In the first meeting of our faculty learning community, we negotiated the purpose and goals of the community. In discussing former and current classes, the reoccurring issue was a desire for better student engagement. Especially in long format classes— 75 minutes or even, heaven forbid, 180 minutes—students drift off, neither engaging with the lecture or their peers. Eliciting answers to questions often feels less like a productive Socratic methodology and more like pulling teeth from an array of sedated patients.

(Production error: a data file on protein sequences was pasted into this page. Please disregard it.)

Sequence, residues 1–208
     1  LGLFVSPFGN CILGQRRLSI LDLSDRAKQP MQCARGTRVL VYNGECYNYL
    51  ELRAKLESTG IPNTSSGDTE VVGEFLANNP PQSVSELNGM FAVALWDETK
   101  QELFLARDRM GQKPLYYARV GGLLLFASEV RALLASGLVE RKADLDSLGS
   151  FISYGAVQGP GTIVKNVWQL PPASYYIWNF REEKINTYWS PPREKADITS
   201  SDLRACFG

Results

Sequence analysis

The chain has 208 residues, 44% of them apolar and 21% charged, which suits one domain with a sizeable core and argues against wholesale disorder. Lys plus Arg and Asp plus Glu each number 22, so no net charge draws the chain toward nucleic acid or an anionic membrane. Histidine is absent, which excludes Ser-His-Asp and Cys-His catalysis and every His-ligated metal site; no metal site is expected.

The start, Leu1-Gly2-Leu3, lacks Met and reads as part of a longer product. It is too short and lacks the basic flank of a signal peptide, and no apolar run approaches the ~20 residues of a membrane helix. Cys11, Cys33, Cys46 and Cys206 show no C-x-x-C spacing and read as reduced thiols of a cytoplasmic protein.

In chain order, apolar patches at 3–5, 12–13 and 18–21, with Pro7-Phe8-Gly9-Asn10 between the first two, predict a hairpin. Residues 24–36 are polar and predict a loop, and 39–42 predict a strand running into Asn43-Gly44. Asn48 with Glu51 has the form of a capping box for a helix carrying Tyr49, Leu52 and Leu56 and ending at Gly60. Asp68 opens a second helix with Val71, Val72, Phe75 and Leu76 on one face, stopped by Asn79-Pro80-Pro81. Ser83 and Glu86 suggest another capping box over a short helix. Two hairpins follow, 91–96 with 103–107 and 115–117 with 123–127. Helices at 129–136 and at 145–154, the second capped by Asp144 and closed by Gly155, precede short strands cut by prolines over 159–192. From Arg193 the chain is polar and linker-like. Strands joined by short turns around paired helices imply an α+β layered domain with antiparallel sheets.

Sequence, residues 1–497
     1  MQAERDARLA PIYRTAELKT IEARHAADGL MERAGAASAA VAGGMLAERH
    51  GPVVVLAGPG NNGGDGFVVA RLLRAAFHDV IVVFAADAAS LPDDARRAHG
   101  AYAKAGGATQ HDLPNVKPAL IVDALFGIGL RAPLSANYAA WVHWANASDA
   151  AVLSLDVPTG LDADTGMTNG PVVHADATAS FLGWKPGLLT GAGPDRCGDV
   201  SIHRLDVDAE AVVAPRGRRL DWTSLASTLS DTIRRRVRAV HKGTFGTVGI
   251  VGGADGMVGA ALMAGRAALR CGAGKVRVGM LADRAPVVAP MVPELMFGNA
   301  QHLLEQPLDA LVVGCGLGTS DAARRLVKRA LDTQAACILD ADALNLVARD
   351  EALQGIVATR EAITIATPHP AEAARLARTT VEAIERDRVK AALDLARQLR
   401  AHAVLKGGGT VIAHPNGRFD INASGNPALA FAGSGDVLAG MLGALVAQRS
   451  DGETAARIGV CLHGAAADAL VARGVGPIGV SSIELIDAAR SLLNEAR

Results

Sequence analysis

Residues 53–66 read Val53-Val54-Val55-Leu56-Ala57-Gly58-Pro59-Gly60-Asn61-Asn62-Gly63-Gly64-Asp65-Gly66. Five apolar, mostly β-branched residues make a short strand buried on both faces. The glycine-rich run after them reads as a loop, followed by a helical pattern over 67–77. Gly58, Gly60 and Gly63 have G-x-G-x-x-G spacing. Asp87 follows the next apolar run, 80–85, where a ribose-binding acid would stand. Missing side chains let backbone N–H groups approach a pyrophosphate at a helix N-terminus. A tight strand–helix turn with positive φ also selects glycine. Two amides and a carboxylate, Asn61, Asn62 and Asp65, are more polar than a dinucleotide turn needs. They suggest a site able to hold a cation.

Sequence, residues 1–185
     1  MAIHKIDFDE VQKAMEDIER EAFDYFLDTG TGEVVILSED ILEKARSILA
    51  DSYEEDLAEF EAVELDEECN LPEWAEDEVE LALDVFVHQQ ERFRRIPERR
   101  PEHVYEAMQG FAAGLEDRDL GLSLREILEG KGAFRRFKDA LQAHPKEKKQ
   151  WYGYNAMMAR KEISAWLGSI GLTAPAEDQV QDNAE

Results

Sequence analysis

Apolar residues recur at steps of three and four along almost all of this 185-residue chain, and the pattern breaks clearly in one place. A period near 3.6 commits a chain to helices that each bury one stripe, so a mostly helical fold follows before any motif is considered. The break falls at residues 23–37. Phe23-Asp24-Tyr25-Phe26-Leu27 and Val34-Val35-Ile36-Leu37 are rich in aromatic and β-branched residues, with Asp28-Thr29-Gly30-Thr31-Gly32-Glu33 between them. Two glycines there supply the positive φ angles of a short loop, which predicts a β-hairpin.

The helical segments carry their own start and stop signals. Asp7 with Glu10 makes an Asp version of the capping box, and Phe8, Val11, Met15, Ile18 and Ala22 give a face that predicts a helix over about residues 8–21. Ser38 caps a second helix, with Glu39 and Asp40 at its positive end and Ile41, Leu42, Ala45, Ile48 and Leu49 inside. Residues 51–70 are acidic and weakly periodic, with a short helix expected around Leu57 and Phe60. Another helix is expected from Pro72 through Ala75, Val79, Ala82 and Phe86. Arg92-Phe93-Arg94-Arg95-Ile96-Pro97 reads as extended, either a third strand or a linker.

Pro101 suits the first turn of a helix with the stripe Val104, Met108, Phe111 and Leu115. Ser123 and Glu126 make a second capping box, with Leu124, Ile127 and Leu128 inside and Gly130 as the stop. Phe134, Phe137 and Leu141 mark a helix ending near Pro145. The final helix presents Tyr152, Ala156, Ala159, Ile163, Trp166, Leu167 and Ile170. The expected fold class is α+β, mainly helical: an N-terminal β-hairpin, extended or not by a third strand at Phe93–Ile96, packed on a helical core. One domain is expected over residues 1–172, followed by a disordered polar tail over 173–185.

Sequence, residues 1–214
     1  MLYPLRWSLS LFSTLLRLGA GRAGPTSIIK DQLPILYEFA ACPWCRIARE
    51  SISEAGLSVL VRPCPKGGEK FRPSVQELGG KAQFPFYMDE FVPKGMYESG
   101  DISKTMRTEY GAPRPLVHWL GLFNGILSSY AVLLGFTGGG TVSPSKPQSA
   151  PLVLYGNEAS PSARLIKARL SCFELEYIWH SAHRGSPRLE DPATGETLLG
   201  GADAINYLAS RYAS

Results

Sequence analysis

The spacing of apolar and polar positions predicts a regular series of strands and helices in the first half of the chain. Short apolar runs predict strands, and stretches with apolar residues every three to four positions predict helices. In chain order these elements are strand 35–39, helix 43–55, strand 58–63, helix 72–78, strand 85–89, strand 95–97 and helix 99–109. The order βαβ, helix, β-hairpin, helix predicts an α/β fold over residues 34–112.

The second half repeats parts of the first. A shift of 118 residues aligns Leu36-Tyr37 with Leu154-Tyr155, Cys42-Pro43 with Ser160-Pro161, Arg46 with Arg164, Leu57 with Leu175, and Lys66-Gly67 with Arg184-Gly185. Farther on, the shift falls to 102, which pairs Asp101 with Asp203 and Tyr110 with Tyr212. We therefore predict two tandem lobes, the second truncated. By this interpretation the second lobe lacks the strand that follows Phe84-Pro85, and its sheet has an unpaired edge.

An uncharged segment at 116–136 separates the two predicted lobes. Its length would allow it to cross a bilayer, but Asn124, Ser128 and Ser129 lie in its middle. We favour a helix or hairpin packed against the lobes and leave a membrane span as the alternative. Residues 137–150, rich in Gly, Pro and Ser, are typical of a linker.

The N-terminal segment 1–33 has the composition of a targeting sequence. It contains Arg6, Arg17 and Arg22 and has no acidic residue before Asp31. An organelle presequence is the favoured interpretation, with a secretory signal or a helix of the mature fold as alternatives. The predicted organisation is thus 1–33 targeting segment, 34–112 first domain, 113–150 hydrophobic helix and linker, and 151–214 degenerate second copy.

Due to this shared interest, we agreed to pursue strategies for enabling a more active and engaged class. For our upcoming meeting at 2:00pm, Wednesday Feb. 25th, we agreed to read through a set of active learning strategies developed by the Teaching and Learning Services at McGill University. We will identify strategies that we have used in the past as well as those that sound promising for future classes and share our experiences at a group. I have also posted some supplemental readings on active learning principles on the curriculum page for this FLC.
We also discussed using digital tools, including but not limited to Google Docs, to enable students in large classes to participate in these active learning strategies. During our upcoming meeting we will explore Google Docs and evaluate the applicability of the various apps for our classrooms.